The Bloody Chamber

             The Bloody Chamber by Angela Carter is written proof that fairy tales actually do come true. Carter very skillfully takes the essence of the fairytale Bluebeard, upon which it is based, and recreates it so that its social context becomes significant to modern day. In doing so, an element of duality is inscribed in her stories. This duality, alongside the evidence of magical realism, surrealism, postmodernism, feminism and the incorporation of Fantasy, Science Fiction, and Gothic genres creates an environment in The Bloody Chamber that is both rooted in the past and alludes to present society. It is for that reason that in this essay I will discuss how Angela Carter incorporates the aforementioned categories to inform her readers of the moral and social injustices that she perceives while simultaneously creating fictional situations wherein the social norms that she views as unjust are challenged.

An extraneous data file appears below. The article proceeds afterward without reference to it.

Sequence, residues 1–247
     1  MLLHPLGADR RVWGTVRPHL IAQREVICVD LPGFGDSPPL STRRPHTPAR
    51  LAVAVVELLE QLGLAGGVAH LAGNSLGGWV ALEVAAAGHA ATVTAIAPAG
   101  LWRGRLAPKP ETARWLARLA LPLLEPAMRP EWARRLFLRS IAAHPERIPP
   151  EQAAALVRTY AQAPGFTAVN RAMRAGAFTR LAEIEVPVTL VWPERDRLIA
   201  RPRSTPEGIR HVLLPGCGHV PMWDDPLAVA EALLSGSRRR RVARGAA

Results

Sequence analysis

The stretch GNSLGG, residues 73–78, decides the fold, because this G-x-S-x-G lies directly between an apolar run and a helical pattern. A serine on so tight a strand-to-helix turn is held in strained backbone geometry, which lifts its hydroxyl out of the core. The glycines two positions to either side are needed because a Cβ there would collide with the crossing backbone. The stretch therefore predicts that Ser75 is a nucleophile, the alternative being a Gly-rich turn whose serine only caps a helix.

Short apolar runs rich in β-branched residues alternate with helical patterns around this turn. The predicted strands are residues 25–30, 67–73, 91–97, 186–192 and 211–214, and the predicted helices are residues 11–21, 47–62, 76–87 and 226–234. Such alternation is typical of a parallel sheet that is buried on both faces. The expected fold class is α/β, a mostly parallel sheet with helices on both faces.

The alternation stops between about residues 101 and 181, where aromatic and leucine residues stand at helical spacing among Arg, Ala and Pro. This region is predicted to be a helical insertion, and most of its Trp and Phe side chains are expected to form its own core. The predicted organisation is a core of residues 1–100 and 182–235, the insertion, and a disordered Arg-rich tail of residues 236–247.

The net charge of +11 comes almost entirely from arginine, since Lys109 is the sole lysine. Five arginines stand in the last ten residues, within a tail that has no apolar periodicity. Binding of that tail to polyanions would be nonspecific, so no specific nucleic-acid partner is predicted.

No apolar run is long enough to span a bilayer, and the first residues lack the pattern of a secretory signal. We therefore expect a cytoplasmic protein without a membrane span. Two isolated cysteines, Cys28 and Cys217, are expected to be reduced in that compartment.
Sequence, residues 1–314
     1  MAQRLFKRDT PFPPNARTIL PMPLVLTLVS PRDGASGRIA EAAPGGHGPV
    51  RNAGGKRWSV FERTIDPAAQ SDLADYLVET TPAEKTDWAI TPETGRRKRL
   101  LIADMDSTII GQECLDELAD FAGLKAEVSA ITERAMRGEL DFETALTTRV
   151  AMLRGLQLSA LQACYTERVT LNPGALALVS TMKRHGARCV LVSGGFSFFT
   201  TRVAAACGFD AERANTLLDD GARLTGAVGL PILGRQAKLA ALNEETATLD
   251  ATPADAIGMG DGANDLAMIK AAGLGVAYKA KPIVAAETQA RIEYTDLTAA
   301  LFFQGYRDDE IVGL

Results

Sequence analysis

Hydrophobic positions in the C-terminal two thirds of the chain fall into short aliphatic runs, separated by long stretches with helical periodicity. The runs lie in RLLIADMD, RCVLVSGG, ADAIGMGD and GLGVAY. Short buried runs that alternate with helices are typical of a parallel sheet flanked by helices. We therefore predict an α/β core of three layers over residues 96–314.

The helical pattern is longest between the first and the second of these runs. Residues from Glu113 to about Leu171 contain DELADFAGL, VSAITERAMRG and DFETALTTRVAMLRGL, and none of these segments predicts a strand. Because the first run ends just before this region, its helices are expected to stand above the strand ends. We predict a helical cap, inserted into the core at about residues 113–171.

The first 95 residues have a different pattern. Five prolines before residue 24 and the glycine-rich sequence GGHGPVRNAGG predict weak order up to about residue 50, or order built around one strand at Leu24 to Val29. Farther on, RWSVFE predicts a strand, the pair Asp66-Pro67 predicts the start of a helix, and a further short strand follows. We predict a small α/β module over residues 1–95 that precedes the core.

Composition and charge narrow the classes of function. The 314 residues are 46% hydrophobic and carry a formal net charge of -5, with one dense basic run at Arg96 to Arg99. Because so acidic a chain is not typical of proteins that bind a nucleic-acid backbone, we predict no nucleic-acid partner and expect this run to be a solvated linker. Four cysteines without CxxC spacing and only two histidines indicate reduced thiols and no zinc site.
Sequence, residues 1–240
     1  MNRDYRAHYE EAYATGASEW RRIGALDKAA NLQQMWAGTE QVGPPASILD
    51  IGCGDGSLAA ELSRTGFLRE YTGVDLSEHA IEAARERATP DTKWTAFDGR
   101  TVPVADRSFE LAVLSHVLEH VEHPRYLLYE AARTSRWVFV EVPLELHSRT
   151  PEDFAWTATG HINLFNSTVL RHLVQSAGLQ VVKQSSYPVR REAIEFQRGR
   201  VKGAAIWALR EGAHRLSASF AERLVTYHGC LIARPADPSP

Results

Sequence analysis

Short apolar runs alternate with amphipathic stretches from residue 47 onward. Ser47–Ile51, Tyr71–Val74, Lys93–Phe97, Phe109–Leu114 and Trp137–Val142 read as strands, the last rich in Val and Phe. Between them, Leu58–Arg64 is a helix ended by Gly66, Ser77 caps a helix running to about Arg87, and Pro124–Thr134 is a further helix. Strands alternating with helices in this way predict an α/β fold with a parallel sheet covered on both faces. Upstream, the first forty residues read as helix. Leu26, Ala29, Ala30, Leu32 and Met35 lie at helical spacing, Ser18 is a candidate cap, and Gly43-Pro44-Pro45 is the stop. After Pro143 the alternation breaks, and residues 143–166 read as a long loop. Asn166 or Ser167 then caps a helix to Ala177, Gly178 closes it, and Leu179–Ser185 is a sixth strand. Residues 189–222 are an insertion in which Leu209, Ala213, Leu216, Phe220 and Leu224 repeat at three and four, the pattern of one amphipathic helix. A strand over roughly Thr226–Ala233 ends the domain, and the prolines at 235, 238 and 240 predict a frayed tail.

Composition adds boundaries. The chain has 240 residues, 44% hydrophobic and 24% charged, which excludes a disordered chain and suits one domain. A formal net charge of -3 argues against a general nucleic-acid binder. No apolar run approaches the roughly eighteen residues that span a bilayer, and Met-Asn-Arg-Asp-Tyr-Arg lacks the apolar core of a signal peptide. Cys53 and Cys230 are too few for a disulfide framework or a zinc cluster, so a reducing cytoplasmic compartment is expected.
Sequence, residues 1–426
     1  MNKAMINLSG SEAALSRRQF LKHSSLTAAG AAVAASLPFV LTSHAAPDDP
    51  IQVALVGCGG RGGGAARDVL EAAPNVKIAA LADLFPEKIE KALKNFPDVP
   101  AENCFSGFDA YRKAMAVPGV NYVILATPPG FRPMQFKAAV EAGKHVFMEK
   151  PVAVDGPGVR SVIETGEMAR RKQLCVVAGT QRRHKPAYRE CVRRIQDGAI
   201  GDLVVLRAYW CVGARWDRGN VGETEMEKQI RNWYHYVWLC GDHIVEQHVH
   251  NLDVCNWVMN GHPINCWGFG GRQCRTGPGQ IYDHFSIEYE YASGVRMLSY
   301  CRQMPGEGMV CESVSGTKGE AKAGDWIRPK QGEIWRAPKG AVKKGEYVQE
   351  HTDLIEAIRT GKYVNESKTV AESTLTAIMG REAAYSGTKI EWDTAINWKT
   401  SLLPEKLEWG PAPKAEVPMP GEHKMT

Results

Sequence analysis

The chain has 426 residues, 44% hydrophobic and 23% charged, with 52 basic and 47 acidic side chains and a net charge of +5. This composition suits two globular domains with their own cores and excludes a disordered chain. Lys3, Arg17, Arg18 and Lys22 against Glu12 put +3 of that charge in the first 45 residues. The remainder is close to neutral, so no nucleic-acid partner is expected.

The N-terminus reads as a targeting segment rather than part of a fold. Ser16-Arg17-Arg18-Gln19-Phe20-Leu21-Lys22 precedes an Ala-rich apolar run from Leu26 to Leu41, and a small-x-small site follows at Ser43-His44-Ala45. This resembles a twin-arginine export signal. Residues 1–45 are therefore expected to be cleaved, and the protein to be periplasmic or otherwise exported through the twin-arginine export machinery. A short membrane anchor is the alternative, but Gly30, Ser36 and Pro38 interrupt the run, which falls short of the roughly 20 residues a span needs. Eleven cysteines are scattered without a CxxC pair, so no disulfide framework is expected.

Angela Carter’s usage of the fairytale genre allows her to recreate her own modern fairytales in order to mirror social reality; All the while she incorporates specific literary techniques, endowing it with her own meaning. Jeff VanderMeer suggests in a documentary that “Carter’s stories and novels always examine the ways men treat women; they never form a blueprint for utopia” (Vandermeer). Similarly another critic argues that “Carter envisages women's sensuality simply as a response to male arousal. She has no conception of women's sexuality as autonomous desire.”(Friedman) Both critics have pointed out that Carter merely presents women as objects in a patriarchal system. Yet, what they fail to mention is that she also proposes the idea that their repression is the source of their power – the female character’s sexual power is derived from their exploitation. The attainment of female subjectivity in spite of female sexual maturation, the oppression of female sexuality, the passive role of females bound in the conf...

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The Bloody Chamber. (1969, December 31). In Retrieved 05:01, January 18, 2017, from